Linux: GNU and Unix Commands - dummies

By Emmett Dulaney

The Linux+ certification exam from CompTIA covers the topic of GNU and Unix commands. The table shows the subtopics, weights, descriptions, and key knowledge areas for this topic.

Breakout of Domain 103
Subtopic Weight Description Key Areas
Work on the command line 4 Interact with shells and commands using the command line and
the bash shell
Use single shell commands and one-line command sequences as
well as modify the shell environment and use/edit command
Process text streams using filters 3 Apply filters to text streams Send text files and output streams through text utility
Perform basic file management 4 Use the basic Linux commands to manage files and
Copy, move, and delete files and directories individually and
Use streams, pipes, and redirects 4 Redirect streams and connect them – including standard
output, standard input, and standard error
Pipe the output of one command to the input of another
Create, monitor, and kill processes 4 Perform basic process management Run jobs in the foreground and background; send signals to
Modify process execution priorities 2 Manage process execution priorities Run programs with higher and lower priorities than the
Search text files using regular expressions 2 Understand regular expressions and how to use them Create simple regular expressions and perform searches
Perform basic file editing operations using vi 3 Understand vi navigation, editing,
copying, deleting, etc.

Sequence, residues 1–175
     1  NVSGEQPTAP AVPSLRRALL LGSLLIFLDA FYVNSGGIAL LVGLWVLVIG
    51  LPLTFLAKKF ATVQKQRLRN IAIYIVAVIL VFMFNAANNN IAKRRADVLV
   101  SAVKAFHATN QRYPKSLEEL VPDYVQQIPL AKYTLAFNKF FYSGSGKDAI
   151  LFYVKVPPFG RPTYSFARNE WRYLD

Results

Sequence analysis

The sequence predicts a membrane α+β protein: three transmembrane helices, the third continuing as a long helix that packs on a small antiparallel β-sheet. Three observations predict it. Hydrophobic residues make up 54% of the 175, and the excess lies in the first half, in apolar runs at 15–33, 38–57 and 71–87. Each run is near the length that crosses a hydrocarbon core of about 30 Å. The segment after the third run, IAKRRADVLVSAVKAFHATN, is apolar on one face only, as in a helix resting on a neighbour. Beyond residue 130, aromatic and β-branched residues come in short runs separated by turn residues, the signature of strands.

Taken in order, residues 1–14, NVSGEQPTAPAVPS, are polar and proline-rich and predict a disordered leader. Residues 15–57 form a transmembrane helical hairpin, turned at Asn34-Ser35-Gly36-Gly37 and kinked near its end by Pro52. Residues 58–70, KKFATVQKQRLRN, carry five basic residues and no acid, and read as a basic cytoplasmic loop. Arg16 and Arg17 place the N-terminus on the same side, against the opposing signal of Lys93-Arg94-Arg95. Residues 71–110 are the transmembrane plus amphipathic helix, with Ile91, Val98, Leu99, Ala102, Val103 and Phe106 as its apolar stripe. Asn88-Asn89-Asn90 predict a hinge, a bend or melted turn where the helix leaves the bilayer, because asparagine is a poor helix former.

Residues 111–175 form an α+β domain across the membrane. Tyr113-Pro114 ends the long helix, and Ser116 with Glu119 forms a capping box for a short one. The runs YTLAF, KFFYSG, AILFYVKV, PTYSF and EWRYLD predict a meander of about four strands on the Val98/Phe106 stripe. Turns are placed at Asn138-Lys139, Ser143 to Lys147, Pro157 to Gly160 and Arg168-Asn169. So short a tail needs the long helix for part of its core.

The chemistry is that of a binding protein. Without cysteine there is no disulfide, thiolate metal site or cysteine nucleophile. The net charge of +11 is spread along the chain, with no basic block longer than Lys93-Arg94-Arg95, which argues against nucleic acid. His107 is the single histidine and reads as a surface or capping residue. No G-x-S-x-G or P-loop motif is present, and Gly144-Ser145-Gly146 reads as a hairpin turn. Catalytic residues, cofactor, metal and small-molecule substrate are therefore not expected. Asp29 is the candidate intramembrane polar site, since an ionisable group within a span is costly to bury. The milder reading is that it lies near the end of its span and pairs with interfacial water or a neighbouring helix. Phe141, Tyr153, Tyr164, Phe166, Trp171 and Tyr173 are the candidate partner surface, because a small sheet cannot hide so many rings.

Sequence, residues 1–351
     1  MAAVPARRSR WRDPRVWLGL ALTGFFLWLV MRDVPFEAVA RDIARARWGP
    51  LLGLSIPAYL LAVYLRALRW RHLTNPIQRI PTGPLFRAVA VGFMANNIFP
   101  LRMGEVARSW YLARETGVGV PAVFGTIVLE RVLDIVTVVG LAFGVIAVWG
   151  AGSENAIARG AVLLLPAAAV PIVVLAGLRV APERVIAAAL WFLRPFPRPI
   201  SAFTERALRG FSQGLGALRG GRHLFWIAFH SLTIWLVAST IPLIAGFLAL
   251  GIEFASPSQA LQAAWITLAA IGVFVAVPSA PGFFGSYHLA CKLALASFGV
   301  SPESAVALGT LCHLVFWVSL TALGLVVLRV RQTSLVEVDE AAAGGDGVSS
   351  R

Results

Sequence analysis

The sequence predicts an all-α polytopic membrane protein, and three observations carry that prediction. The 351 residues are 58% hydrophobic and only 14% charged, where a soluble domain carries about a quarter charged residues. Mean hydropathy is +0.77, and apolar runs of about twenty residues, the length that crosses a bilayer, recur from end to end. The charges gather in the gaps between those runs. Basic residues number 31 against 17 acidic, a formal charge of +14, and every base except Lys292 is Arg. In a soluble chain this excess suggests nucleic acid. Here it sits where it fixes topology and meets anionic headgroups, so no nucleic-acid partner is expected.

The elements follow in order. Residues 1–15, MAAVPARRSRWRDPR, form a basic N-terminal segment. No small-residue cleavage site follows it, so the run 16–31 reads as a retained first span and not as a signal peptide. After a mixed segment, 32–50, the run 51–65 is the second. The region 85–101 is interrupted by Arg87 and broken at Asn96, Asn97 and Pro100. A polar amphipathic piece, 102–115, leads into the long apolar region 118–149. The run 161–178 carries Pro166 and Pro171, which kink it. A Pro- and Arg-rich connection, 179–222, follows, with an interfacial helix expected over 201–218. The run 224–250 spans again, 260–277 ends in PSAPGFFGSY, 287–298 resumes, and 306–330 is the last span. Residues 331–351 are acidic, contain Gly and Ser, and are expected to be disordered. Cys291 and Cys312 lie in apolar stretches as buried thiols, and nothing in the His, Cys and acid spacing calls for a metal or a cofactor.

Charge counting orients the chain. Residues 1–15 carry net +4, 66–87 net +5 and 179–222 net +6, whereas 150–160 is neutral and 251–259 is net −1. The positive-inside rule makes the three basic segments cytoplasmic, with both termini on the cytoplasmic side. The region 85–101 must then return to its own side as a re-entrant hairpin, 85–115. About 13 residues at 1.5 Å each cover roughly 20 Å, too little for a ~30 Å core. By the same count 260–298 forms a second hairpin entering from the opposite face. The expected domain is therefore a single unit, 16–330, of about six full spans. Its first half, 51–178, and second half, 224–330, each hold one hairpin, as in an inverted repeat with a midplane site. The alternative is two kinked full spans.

Use basic vi modes to insert, edit,
copy, delete, and find text.

To adequately address these topics, focus on the following files, terms, and utilities: &, ., bash, bg, bzip2, cat, cp, cpio, cut, dd, echo, egrep, env, exec, expand, export, fg, fgrep, file, file globbing, find, fmt, free, grep, gunzip, gzip, head, history, jobs, join, kill, killall, ls, man, mkdir, mv, nice, nl, nohup, od, paste, pr, ps, pwd, regex(7), renice, rm, rmdir, sed, set, sort, split, tail, tar, tee, top, touch, tr, uname, unexpand, uniq, unset, uptime, vi, wc, and xargs.

Here are the top ten items to know as you study for this domain:

  1. When run, every command spans at least one process and processes can be viewed with ps or top (which continues to update the display dynamically).

  2. Jobs can run in the foreground or background and be moved between the two. Jobs running in the foreground can be suspended by pressing Ctrl+Z.

  3. Files can be copied using cp or moved using mv. Files can be deleted with rm and directories (which are created with mkdir) can be removed with rmdir. Recursive deletion can be done with rm –r.

  4. To change directories, use the cd command. When used without parameters, this will move you to your home directory. To see what directory you are presently working in, use the pwd (present working directory) command.

  5. The ls command has a plethora of options to allow you to list files. The –a option will list all (including hidden) files.

  6. The cut command can pull fields from a file and they can be combined using either paste or join. The latter offers more features than the former and can be used with conditions.

  7. The wc command can count the number of lines, words, and characters in a file.

  8. The grep utility (and its counterparts egrep and fgrep) can be used to find matches for strings within files.

  9. The find command can be used to search the system for files/directories that meet any number of criteria. When these entities are found, the xargs command can be used to look deeper within them for other values (such as in conjunction with grep).

  10. It’s possible to convert data from one value to another by using a number of utilities. The most popular would include the tr (translate) utility and sed (the stream editor).